"What I expect from the Housing Green Paper"
Monday 25th of June 2018
We asked Tpas board member and resident involvement manager at PA Housing, what he is expecting and hoping will come from the Housing Green Paper.
There are so many issues the government needs to get to grips with that you can almost understand their nervousness about publishing the document. There have also been a number of surveys recently which I’m sure are highlighting the need for more homes.
As someone who has worked in resident involvement for over 30 years I have no doubt that empowerment must be at the centre of any plans to improve the consumer standards.
Unfortunately involvement has slipped down the agenda for too many landlords since 2010 – the abolition of the TSA with only piece meal guidance as a replacement has not been good enough. The consumer standards need to have teeth – Scrutiny has been a force for good in many landlords and this needs to be rolled out to every landlord.
Beyond empowerment residents need to be involved in the safety plans for their homes. There needs to be a real power that if residents have concerns that someone is listening to them – ideally this should be a duty on the landlord. But does there need to be an independent agency for those who wont listen? There has been a breakdown in trust in some areas – and the only way to repair that is to ensure there is transparency for tenants groups.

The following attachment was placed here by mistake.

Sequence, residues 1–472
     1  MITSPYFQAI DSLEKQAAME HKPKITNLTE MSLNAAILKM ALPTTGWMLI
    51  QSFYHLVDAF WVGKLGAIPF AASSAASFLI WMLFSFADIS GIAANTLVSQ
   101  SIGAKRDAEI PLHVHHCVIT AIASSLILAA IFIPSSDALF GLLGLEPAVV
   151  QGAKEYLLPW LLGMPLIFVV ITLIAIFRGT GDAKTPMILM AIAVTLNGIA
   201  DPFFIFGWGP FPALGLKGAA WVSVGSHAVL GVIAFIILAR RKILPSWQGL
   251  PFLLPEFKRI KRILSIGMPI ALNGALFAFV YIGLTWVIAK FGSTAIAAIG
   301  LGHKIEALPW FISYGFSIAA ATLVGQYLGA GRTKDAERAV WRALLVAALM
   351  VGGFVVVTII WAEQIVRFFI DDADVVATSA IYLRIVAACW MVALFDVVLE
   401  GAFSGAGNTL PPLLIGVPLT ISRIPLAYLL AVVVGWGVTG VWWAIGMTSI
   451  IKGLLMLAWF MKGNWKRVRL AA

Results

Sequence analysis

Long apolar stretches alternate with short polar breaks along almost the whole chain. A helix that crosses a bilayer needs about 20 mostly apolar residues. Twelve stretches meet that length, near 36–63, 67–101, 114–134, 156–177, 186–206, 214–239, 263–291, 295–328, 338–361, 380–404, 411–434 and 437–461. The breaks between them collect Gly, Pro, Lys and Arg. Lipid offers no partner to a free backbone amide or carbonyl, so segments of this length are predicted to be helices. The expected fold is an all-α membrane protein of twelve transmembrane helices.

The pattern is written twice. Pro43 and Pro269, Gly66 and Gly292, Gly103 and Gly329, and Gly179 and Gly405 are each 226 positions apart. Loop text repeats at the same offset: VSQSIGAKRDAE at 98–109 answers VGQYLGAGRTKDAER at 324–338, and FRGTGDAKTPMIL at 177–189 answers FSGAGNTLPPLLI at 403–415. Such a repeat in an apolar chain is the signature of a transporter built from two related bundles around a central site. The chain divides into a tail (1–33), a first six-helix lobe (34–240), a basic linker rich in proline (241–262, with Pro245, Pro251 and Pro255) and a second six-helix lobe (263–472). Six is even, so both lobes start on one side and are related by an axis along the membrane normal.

Tenants need to have confidence that landlords will commit to this – and that the government will not take kindly to landlords who resist. Tpas used to run an information service – with support from the housing Corporation. It is definitely time to look again at how tenants groups get access to quality independent advice. This can help both tenants and landlords.
I’m pretty sure the previous minister heard a lot of this at his “listening” events – I hope that the Government really commits to improving the standards. It would do so much to rebuild community involvement across the country.
The next issue for the government is ramping up building affordable homes. If the figures are right we are now 0ver 180,000 homes short. I understand that the government wishes to prioritise home-ownership but they must accept that some people need an affordable home as the way to start building their lives. Landlords need to ensure they are meeting this demand aswell as other homes. If the government encouraged affordable homes again this could go along way to reducing the negative perceptions of some social housing as landlords built more.
There is so much to do to tackle Britain’s Housing crisis that this Paper must be published as a call for action to listen to and empower residents once more – and to start to build the number of affordable homes we need.